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Jennifer Love Hewitt Directs 100th ‘Whisperer’

hollywoodexclusive1Sure, it's getting near Christmas, but on the "Ghost Whisperer" set, it's been more like Halloween. The series company has been engaged in shooting its 100th episode this past week, with star Jennifer Love Hewitt as director. With this year's storyline moving toward a confrontation with supernatural forces from the dark side, she has her hands full, to say the least.

"I don't know what I'm allowed to say, but it's serious," the show's Camryn Manheim lets us know. "Let's just say pyrotechnics. A lot of pyrotechnics. Let's say it's one of those episodes where, going in, everyone says, 'Don't make any plans. We're going to be around for a long time.'"

The Emmy-winning actress admits she hasn't been so sure about some of the dramatic moves taken by the "Ghost Whisperer" writer-producers over the last couple of seasons. In particular, "I was skeptical about the huge leap of Jim dying and then taking over someone else's body," she says, referring to David Conrad's character, the husband of Hewitt's Melinda Gordon. "I wasn't sure people would stick it out, but they have. In fact, the popularity of the show has increased. The viewers are smart. They do want to be challenged. They are willing to work harder to follow a new story line."

Indeed. This year moved "Ghost Whisperer" ahead five years, making Melinda and Jim's baby, Aiden (Connor Gibbs), into a young child with even more powerful — and dangerous — abilities than his mother's.

THE BIG-SCREEN SCENE: Secrecy on James Cameron's "Avatar" was so intense, at least some of the actors found themselves being allowed to read the script for the first time in a room with a guard posted outside to ensure they didn't leave with any pages. Such was the experience of Joel David Moore, who is about to spring into public consciousness as the third human-to-avatar character — along with Sigourney Weaver and Sam Worthington — in the highly anticipated feature arriving in theaters Friday (12/18).

Of course, he's not complaining.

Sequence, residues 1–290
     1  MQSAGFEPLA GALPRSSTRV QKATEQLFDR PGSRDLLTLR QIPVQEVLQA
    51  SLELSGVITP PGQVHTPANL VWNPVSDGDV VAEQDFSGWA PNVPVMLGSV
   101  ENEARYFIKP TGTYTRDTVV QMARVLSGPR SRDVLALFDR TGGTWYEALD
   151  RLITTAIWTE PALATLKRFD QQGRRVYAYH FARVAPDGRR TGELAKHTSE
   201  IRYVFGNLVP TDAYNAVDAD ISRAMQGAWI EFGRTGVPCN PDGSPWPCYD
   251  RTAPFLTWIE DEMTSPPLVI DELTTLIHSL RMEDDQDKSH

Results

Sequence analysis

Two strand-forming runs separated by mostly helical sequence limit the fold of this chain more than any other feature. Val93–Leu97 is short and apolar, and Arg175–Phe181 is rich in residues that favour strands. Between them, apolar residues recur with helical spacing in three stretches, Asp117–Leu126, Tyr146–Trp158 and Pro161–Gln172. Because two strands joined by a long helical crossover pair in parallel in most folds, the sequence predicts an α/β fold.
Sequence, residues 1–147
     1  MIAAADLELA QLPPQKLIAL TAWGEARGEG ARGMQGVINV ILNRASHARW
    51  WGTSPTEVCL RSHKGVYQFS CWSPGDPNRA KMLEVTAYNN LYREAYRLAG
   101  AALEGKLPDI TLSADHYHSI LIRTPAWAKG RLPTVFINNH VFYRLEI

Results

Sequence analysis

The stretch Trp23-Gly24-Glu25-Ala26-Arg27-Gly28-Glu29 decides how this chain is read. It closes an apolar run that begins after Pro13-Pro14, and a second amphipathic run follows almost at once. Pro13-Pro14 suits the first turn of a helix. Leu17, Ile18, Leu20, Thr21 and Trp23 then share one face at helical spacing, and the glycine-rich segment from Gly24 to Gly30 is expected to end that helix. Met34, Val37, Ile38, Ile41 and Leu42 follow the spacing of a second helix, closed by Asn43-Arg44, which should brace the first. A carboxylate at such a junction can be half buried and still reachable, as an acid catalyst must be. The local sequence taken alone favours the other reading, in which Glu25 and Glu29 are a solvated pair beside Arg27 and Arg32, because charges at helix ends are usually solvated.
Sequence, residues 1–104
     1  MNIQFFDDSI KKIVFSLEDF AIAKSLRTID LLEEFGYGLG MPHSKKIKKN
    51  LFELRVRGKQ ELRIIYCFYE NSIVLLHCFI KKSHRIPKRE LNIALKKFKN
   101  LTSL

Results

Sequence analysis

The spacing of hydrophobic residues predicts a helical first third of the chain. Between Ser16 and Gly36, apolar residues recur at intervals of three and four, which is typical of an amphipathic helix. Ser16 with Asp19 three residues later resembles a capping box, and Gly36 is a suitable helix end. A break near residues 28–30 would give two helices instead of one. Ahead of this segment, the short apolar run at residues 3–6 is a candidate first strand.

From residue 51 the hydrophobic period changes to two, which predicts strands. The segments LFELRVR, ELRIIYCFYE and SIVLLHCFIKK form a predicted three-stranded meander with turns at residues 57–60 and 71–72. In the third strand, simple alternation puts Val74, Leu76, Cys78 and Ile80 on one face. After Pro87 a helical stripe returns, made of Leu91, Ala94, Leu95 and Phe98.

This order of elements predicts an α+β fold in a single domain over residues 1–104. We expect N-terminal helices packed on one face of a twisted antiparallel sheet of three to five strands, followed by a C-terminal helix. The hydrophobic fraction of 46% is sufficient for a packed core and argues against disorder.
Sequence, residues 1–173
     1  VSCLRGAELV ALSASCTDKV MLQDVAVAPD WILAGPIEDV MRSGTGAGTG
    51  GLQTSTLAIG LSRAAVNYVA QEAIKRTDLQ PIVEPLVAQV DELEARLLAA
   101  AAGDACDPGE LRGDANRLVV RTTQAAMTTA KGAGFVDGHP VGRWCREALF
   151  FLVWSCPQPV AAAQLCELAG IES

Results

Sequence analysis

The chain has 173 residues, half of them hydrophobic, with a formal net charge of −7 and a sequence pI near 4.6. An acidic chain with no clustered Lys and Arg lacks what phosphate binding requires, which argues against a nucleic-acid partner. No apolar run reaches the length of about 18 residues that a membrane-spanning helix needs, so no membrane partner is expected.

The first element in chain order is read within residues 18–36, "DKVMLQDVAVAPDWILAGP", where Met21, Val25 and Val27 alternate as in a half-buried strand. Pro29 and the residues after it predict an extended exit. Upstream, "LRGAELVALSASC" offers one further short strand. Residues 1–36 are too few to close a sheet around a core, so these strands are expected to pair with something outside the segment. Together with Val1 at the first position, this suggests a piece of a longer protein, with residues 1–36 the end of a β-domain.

"I'm floored," he says of the 3-D feature that takes place largely on a foreign planet named Pandora, and that boasts a higher grade of motion-capture animation than ever onscreen before. "I'm just giddy about it."

For Moore, "The nice thing about Cameron is, he goes for the actor he wants, not necessarily the one the studio tells him or the one that makes more sense monetarily." After putting himself on tape, Moore was called in for a meeting and asked to perform a scene in gibberish. He left, he says, thinking, "'There is no way. That is so ridiculous.'"

Believing "'I'm never getting this role. I might as well just take the time I have,'" Moore says he peppered Cameron with questions about the story and even offered his own opinions when he had the chance. He now thinks that his "I've got nothing to lose" attitude worked in his favor. In the final audition, "Cameron was shooting it like it was the movie with all the lighting, the camera ... halfway through, I realized, 'I think he likes me for this.'"

Once Moore knew the part was his, it was on to Hawaii, "rehearsing in the tropical rainforest, which was the closest Jim could find to Pandora, so we could feel what it was like to slip in the mud, feel the twigs snap, brush away flies and all that — and have video to reference when we were shooting scenes in this big gray space where we were doing the motion-capture animation."

The film shot over a two-year span, and "We shot hard," Moore recalls. "The other thing about having Jim at the helm, because he's so passionate and creative, you want to be passionate and creative, too. You'd spend 14 hours a day doing these stunts and keep bringing your best. It was such a great experience. We felt like we were this team, that we were not only making a movie, but we were making history."

IN THE SPIRIT OF THE SEASON: We just love how Kevin Bacon has made hay with the whole Six Degrees of Kevin Bacon phenomenon — particularly as the star has utilized this offshoot of his fame to set up a network for good with his Six Degrees Foundation. Right now, folks can go on his sixdegrees.org website and purchase "Good Cards" as presents.

"We launched them last year," he tells us. "It's a great gift because you can buy a card for any amount and then the person you give it to gets to decide what they want to do with it from a charitable standpoint. It kind of gives twice because you give it to them, and then you're sort of empowering them to go give as well. They can hold on to the card and wait to see something that they want to get involved with. Or if they want, sixdegrees.org can help steer them in the right direction."

According to Bacon, putting people together with great causes "has been the idea behind the site from the beginning. The Good Cards are kind of another chapter. They've been really successful. It's kind of like philanthropic online shopping."

A LONG WAY FROM HOME: Shiri Appleby, whose mother hails from Israel, hasn't had much of a chance to celebrate Hanukkah, what with the intense production schedule on her promising new CW series, "Life UneXpected," up in Vancouver, Canada. "The prop master brought in a menorah," she tells us. The cast has become so tight, she says, they're heading to Whistler Mountain together for a weekend getaway. The show goes on holiday hiatus Christmas Eve.

With reports by Emily-Fortune Feimster

To find out more about Marilyn Beck and Stacy Jenel Smith and read their past columns, visit the Creators Syndicate Web page at www.creators.com.



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